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A well attended 2019 Holiday Dinner and Annual
Meeting was held December 4th at the Mimosa Barn in Cape
Charles. Mr. Bo Lusk, a Coastal Scientist at The Nature Conservancy's
Virginia Coast Reserve was the featured speaker. Mr. Lusk's main focus
is on marine
habitat restoration in the seaside lagoons, restoring oyster reefs,
meadows and the bay scallops. Mr. Lusk, who grew up on Cherrystone Creek and graduated from the University of Virginia with
an Environmental Science Degree, discussed how history, science and
restoration have come together in Northampton County.
One hundred years ago, the shallow bays of the Eastern
Shore's seaside were covered by seagrass that provided food and shelter for a
variety of marine life, including scallops which were harvested by Eastern
Shore fishermen. Due to a combination of factors, the habitat of the
scallops was destroyed. In the mid 1990's, scientists discovered a small patch
of native eelgrass behind Wreck Island. Scientists for the Nature
Conservancy, working in cooperation with the Virginia Institute of Marine
Science, developed a method for restoring this lost habitat to the shallow bays
of our seaside. Over the last several years, progress has been made and now
there are over 700 acres of natural eelgrass beds on the seaside.
Researchers world-wide have come to the Eastern Shore to see what is being done.
Northampton Historic Preservation Society's 2018 Annual Meeting/Holiday Dinner Featuring Dennis Custis
The NHPS Holiday Dinner and Annual Meeting was held at The Oyster Farm at Kings Creek on December 5th. In addition to the annual meeting and the election of the officers/board, Dennis Custis was on hand to provide stories about the history of the fascinating people of Northampton County.
Mr. Custis explained how many of the county's residents have contributed to county, state and country. He is a teacher of multiple generations on the Virginia Eastern Shore and one of it's top historians.
The NHPS Annual Membership Meeting and Holiday Dinner was held on December 6th at The Oyster Farm at Kings Creek. An annual meeting highlight was guest speaker Dr. Bill Kelso, the world renowned Director of Archaeology at Historic Jamestowne. Dr. Kelso’s well known archaeological projects at Jamestown, Monticello, and his earlier work at Pear Valley and Arlington Plantation, have made him a popular figure in Northampton County and Virginia. In 1993, he was named Director of Archaeology for Preservation Virginia’s Jamestown Rediscovery Project where he set to work immediately to find the exact location of the original fort of the Jamestown colonists on the James River.
By the end of 1996, he had uncovered evidence of palisades and the foundations of other structures that confirmed the identity of the fort. Since then, Dr. Kelso’s work has continued in Jamestown with the excavations of numerous additional buildings, including the settlement’s first church and the burial place of four Jamestown leaders, and the governor’s rowhouse during the term of Samuel Argall. Over two million objects have been found and catalogued. These objects reflect the lives and trials of the early English settlers. They reveal stories of hope, determination, desperation, and sometimes cruelty. Dr. Kelso is the author of numerous books on American archaeological projects, including his latest book, Jamestown, The Truth Revealed (May 2017).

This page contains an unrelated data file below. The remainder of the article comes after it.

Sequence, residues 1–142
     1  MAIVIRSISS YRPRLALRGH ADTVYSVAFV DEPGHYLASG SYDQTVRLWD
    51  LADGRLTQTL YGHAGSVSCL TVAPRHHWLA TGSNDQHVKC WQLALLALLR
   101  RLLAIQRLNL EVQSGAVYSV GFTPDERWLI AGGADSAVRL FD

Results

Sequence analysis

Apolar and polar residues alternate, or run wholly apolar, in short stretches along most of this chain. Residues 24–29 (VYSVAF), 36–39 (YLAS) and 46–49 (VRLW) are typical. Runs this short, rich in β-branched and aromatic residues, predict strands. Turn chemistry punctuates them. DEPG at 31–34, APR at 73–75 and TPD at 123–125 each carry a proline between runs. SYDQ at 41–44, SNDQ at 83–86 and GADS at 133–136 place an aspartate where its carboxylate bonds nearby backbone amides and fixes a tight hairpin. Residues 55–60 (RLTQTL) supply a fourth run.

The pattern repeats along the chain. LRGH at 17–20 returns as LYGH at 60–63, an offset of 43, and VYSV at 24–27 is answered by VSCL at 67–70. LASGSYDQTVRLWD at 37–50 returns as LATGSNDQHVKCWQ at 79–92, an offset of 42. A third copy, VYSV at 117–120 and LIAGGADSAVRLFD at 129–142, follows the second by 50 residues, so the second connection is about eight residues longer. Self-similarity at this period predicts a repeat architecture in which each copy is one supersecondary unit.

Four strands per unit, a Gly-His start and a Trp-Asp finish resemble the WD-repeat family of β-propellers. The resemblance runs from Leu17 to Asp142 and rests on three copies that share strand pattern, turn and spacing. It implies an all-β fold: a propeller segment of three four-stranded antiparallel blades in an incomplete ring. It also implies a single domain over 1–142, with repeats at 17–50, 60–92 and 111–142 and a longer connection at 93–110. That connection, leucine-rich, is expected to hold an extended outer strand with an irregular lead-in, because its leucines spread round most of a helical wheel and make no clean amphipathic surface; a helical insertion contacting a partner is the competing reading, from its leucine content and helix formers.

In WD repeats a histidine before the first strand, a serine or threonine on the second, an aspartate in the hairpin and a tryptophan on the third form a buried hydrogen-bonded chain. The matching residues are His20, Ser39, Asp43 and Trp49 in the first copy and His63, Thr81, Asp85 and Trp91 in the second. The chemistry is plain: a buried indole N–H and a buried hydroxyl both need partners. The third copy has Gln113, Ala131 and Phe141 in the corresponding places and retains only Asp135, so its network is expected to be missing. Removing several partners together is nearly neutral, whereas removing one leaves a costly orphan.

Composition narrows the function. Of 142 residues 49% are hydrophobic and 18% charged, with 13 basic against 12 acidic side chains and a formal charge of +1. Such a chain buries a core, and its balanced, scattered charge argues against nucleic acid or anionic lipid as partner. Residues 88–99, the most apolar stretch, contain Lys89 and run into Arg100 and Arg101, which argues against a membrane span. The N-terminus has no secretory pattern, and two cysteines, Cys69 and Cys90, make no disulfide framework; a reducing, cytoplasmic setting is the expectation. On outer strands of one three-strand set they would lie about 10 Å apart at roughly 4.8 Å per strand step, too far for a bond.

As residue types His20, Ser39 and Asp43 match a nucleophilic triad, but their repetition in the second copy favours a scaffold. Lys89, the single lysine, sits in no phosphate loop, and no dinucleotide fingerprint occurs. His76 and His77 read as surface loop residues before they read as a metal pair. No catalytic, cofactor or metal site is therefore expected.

On December 14th, the membership of the NHPS met at the yearly meeting portion of the Holiday Dinner at the Historic Eastville Inn in Eastville, VA. At this meeting, the slate of Officers and Board Members were elected for 2017.
December 2015 - NHPS Annual Meeting and Holiday Dinner Featuring DeCourcy McIntosh
The annual dinner meeting for the Northampton Historic Preservation Society was held December 9th at Cheriton, Virginia. The featured guest speaker, Dick (DeCourcy) McIntosh, gave a thought provoking presentation encompassing his life and experiences on the Eastern Shore and an ongoing current public debate that impacts historical preservation: the uses and potential misuses of history. He warned that one must be careful with history and that “historic preservation” should mean preserving history, real history, as well as historical buildings.
December 2014 - NHPS Annual Meeting and Holiday Dinner Featuring David Brown
At the 2014 Annual Meeting of the Northampton Historic Preservation Society, David Brown spoke about how historic preservation is changing in the 21st century. Change can be seen in how people view preservation efforts individually as well as how a landmark might hold a place in a city’s memory. Landmarks are often imbued with meaning, memory and stories. He stated that preservation is about how we impact the relevance of people, how we affect the planet, and the challenge for preservation to represent all people.
The Northampton Historic Preservation Society held their Holiday Dinner and Annual Meeting on December 10th at the Mimosa Farm Barn, Cheriton, Virginia. Special guest speakers were Dr. Michael Barber, State Archaeologist of Virginia, Department of Historic Resources, and Mike Madden, Forest Archaeologist, U.S. Forest Services. They provided informative insights about the recent archaeological dig at the Eastville Court Green and others on the Eastern Shore.
Northampton Historic Preservation Society
P.O. Box 501
Eastville, VA 23347